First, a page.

As compared to untreated control (UTC), yield was significantly greater for Miravis Neo at McNay and in Domark 230, Lucento, Quadris Top and Veltyma at Sutherland. However, overall yield response to fungicide across the seven locations was not statistically significant (Figure 1). In 2022, overall soybean yield was similar to 2021 but greater than 2020 (Mueller et al. 2021, 2020). Check plots, when all the locations were combined, yielded 64.6 bu/A. Overall, no fungicides produced statistically greater yield than check although yield in some fungicide treatment was numerically greater.

Management recommendations

Soybean fungicides can provide yield benefits when there are foliar diseases. Some reports show yield benefit of fungicides at low levels of disease or when disease was absent but this is not consistent. Cercospora sojina and Septoria glycines strains resistant to QoI fungicides were confirmed throughout Iowa a few years ago. Judicious use of fungicides and an integrated method of disease management that does not depend only on fungicides, should be used to manage the diseases and preserve the efficacy of existing fungicides. Disease management practices such as crop rotation, planting disease-resistant cultivars, and application of fungicides with multiple modes of action can all be used slow selecting for fungicide resistance.

Table 1. Research location, seed rate, planting date, fungicide application date, disease assessment date, and harvest date for seven soybean fungicide trials throughout Iowa in 2022

Table 2. Fungicide products and their application rate for soybean fungicide trials conducted in seven Iowa State research and demonstration farms throughout Iowa in 2022

a All products were applied at R3 stage with nonionic surfactant (Induce at 0.3% v/v).

Figure 1. Monthly and cumulative precipitation from May to September and average severity (%) of frogeye leaf spot (FLS) and Septoria brown spot (BSX) at untreated-control plots across the seven research locations in Iowa in 2022.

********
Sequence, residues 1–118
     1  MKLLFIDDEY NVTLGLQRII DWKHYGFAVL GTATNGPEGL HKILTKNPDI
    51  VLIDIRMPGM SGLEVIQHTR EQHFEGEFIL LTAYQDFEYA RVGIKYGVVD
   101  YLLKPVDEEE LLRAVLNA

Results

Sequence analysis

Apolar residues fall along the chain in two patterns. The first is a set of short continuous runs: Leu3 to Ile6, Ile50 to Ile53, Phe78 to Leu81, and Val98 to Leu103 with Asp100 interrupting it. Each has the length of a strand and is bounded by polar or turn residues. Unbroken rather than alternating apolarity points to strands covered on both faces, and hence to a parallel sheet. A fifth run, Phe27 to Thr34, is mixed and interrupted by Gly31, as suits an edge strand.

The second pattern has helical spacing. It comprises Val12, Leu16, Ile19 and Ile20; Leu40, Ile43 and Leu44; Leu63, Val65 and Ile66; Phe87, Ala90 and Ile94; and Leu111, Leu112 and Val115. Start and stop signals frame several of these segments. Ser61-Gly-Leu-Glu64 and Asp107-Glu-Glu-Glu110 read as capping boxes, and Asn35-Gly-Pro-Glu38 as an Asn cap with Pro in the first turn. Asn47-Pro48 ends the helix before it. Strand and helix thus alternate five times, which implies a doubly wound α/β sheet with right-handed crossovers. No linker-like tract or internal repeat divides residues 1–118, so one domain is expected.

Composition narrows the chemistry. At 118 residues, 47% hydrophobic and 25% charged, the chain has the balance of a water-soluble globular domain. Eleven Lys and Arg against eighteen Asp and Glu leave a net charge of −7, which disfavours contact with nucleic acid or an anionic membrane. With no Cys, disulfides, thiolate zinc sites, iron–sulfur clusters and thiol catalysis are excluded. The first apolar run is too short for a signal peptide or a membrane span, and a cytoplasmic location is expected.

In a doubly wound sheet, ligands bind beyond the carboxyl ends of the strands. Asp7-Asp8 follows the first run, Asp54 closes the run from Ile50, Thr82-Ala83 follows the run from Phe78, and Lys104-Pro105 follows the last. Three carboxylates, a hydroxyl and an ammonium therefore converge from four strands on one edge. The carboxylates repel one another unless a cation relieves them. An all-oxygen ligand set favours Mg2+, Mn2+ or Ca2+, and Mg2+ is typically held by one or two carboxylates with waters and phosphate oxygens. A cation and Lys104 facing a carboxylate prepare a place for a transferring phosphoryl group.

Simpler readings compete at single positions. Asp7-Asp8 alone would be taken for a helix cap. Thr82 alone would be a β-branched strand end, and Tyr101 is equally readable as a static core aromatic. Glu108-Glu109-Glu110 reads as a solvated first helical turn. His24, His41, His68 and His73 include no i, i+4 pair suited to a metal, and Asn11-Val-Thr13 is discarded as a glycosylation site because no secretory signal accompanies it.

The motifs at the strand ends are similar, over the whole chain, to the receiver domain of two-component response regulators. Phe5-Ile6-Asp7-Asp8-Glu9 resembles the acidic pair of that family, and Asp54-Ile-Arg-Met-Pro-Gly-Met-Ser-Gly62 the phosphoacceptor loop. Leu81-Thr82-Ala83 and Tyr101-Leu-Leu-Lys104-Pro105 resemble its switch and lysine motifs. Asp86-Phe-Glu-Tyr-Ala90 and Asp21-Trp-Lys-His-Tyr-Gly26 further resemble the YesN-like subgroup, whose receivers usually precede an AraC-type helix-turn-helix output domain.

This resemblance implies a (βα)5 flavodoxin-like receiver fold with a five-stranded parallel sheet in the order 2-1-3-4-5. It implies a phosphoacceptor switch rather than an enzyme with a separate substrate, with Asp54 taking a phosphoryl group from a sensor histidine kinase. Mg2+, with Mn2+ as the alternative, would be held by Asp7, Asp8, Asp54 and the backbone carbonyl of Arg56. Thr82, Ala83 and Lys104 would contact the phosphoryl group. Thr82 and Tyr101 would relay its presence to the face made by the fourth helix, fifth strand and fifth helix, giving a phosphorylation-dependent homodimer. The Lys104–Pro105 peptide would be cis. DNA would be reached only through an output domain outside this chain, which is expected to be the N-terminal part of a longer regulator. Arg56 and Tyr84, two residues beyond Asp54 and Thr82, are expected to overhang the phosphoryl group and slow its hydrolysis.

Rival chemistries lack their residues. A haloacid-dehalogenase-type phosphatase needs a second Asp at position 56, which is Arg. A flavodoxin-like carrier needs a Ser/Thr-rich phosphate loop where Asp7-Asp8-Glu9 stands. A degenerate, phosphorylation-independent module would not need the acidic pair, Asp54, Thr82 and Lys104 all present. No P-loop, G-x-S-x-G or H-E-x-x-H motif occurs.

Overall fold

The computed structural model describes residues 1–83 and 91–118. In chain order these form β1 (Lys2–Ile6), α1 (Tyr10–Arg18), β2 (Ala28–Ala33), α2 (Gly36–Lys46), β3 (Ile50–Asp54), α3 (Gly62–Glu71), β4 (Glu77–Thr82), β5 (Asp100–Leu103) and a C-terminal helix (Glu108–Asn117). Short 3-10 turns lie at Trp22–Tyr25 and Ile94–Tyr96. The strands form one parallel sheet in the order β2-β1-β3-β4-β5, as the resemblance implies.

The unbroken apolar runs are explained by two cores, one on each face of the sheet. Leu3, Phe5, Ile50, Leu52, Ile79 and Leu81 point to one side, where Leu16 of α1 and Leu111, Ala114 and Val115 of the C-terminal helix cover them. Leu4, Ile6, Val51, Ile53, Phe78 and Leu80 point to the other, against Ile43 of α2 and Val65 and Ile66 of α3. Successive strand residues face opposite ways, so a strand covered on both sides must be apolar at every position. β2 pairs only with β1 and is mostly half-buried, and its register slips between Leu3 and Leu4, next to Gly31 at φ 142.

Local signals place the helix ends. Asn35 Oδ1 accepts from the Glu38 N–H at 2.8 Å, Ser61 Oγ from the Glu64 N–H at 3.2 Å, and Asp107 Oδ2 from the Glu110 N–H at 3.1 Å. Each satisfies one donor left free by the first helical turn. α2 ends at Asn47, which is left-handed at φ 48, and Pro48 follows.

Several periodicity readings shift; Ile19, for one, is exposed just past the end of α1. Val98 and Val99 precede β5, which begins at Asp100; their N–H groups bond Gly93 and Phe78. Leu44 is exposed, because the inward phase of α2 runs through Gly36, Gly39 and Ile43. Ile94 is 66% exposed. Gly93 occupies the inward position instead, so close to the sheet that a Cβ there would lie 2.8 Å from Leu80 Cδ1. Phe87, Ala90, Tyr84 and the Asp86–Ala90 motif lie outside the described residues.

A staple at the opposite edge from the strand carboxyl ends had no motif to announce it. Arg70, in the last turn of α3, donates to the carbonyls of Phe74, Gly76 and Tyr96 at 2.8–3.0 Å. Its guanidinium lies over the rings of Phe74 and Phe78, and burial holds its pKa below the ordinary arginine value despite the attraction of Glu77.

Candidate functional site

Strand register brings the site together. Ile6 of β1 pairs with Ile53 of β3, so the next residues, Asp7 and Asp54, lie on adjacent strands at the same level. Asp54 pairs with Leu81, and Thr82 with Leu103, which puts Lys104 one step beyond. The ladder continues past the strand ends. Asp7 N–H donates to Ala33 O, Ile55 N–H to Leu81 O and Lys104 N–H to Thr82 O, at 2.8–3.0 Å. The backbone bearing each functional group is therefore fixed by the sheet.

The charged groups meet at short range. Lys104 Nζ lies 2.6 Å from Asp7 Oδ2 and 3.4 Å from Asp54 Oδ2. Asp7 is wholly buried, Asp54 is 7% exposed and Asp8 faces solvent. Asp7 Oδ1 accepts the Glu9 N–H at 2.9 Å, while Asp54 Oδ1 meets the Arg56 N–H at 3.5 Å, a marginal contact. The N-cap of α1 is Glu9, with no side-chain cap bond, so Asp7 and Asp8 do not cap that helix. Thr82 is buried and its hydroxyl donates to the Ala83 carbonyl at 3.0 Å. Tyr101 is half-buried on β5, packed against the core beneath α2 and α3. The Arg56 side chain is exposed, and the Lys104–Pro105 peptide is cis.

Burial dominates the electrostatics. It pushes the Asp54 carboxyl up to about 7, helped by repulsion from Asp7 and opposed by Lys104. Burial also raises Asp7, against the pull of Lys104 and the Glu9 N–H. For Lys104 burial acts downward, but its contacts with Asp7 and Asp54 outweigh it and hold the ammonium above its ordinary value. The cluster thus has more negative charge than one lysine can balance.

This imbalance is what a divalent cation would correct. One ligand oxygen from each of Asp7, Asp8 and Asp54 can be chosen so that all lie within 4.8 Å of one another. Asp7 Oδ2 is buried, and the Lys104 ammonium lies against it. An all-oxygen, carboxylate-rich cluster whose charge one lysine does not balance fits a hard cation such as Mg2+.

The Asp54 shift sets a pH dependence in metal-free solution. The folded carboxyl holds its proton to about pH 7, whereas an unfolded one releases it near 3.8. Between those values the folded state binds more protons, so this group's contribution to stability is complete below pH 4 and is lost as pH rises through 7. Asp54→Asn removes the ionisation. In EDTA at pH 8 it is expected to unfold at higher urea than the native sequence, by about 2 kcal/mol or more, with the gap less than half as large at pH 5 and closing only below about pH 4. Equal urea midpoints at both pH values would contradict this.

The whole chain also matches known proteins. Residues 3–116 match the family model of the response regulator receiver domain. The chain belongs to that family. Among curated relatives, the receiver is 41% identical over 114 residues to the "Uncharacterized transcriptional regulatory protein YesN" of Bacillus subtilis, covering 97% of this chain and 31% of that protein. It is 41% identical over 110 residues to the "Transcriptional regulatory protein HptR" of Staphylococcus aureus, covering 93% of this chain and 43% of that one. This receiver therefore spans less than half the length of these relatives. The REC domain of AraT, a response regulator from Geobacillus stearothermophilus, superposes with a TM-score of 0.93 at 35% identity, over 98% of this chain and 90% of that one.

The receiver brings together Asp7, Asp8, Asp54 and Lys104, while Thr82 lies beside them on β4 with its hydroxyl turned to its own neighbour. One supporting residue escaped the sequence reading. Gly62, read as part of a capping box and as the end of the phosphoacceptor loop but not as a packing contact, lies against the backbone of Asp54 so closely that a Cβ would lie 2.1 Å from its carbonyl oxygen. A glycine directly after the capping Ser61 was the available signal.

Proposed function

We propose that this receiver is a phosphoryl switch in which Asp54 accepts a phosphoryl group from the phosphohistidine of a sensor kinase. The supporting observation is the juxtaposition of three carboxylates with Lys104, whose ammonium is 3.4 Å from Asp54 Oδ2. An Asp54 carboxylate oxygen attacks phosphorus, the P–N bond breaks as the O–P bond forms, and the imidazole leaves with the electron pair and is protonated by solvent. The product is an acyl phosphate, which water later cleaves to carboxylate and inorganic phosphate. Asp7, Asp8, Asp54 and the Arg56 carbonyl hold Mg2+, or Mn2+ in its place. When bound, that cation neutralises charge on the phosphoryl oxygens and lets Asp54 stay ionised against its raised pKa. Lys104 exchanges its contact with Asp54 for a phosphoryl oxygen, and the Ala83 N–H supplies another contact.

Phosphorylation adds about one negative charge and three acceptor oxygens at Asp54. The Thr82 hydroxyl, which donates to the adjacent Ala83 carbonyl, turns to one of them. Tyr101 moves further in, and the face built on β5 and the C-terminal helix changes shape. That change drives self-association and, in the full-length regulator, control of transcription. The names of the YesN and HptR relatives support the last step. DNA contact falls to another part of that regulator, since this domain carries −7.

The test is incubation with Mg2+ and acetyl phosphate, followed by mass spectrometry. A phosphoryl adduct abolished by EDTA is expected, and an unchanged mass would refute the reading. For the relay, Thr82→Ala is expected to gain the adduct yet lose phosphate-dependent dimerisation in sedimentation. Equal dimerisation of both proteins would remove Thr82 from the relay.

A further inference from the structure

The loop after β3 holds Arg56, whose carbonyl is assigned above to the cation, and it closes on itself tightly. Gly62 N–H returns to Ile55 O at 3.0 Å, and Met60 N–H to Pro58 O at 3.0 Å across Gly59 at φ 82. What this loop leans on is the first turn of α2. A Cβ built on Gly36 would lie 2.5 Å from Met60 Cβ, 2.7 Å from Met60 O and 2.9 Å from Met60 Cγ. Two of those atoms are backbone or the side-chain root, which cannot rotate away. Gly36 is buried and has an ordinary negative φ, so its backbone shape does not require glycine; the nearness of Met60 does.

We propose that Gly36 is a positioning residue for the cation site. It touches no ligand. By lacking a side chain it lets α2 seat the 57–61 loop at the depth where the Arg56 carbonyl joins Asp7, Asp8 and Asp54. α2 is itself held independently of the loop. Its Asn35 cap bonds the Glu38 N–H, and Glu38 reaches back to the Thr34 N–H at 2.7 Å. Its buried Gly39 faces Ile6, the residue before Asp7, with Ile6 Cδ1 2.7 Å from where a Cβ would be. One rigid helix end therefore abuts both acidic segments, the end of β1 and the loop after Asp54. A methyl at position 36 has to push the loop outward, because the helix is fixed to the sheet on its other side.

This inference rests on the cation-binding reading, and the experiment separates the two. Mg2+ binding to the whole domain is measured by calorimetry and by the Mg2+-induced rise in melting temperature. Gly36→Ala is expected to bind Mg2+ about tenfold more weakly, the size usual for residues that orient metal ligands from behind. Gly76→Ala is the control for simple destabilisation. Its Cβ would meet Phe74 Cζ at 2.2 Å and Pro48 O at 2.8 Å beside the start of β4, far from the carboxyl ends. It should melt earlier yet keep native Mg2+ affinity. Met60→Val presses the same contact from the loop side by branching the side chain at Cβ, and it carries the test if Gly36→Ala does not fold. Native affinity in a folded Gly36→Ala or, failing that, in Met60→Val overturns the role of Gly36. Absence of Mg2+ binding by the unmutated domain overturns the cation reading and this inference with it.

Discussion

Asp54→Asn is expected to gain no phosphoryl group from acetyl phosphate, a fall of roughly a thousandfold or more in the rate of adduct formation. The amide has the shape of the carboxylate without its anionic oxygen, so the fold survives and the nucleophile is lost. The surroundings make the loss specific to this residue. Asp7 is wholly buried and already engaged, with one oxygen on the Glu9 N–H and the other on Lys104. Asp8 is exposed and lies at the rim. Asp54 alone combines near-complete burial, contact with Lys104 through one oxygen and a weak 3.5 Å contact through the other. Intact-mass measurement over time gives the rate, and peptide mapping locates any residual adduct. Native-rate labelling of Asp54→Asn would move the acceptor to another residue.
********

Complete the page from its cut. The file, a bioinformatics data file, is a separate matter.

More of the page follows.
Figure 2. Soybean yield after application of fungicide products combined across all seven experiment locations in 2022. All fungicide products were applied at recommended rate at the beginning of pod (R3) with nonionic surfactant (Induce at 0.3% v/v). The treatments were not statistically different (P = 0.13).

Figure 3. Disease severity of Septoria brown spot (BSX) and frogeye leaf spot (FLS) after application of fungicide products combined across all seven experiment locations in 2022. All fungicide products were applied at recommended rate at the beginning of pod (R3) with nonionic surfactant (Induce at 0.3% v/v). The treatments were not statistically different (P = 0.12 for BSX and P < 0.001 for FLS).

References

Mueller, D., Kandel, Y. R., Wiggs, S. 2020. Statewide soybean foliar fungicide evaluation in 2020. Online publication. ICM News, Iowa State University Extension and Outreach. December 2, 2020. https://crops.extension.iastate.edu/cropnews/2020/12/statewide-soybean-f...

Kandel, Y. R., Mueller, D., Wiggs, S. 2021. Statewide evaluation of foliar fungicides on soybeans in 2021. Online publication. ICM News, Iowa State University Extension and Outreach. February 14, 2022. https://crops.extension.iastate.edu/blog/daren-mueller-stith-wiggs-yuba-...

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Daren Mueller Professor

Daren Mueller is an associate professor and extension plant pathologist at Iowa State University. He is also the coordinator of the Iowa State Integrated Pest Management (IPM) program. Daren received his bachelor's degree from the University of Wisconsin-Madison in 1996, and his master's degree a...